Building the cilium with ATP-driven molecular motors

Abstract

The cilium is an antenna-like structure that is crucial for sensing physical and chemical stimuli in eukaryotes. How the cell builds the cilium is a major unsolved question. Central to cilium construction are the molecular motors dynein and kinesin. These motors form oligomeric complexes that transport building blocks to and from the tip of the cilium, powered by ATP hydrolysis. The goal of this project is to use single-molecule fluorescence microscopy and cryo-electron microscopy to dissect the structure of the motor complexes and their mechanism of movement.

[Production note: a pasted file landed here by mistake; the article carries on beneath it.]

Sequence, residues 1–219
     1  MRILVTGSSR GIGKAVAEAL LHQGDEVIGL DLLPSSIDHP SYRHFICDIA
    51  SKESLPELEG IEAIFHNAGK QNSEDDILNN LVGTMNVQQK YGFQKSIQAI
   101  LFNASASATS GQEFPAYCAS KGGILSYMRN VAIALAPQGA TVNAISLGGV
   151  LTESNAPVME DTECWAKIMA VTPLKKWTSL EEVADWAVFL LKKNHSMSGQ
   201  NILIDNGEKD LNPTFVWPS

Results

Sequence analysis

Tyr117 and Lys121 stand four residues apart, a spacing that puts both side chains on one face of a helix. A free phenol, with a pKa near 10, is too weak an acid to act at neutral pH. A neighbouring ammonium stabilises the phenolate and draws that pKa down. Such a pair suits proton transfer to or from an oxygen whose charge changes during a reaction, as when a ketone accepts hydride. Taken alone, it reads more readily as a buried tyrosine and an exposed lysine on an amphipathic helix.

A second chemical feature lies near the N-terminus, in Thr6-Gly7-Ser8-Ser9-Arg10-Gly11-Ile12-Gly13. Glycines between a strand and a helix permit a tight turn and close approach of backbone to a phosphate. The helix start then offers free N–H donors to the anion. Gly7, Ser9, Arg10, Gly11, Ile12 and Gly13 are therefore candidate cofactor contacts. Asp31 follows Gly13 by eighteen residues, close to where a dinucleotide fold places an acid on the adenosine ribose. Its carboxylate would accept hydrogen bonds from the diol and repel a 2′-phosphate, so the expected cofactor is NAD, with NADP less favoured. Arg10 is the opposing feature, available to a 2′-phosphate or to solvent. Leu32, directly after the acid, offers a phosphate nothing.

References:
[1]

Roberts AJ, Kon T, Knight PJ, Sutoh K, Burgess SA (2013) Functions and mechanics of dynein motor proteins. Nature Reviews Molecular Cellular Biology, 14: 713-26.

[2]

Ishikawa H, Marshall WF (2011) Ciliogenesis: building the cell's antenna. Nature Reviews Molecular Cellular Biology, 12: 222-34.

[3]

Atherton J, Farabella I, Yu IM, Rosenfeld SS, Houdusse A, Topf M, Moores CA (2014) Conserved mechanisms of microtubule-stimulated ADP release, ATP binding, and force generation in transport kinesins. Elife, e03680

[4]

Huang J*, Roberts AJ*, Leschziner AE, Reck-Peterson SL (2012) Lis1 acts as a "clutch" between the ATPase and microtubule-binding domains of the dynein motor. Cell, 150: 975-86. *Co-first authors


Biological Areas:

Cell Biology
Structural Biology

BBSRC Area:

Molecules, cells and industrial biotechnology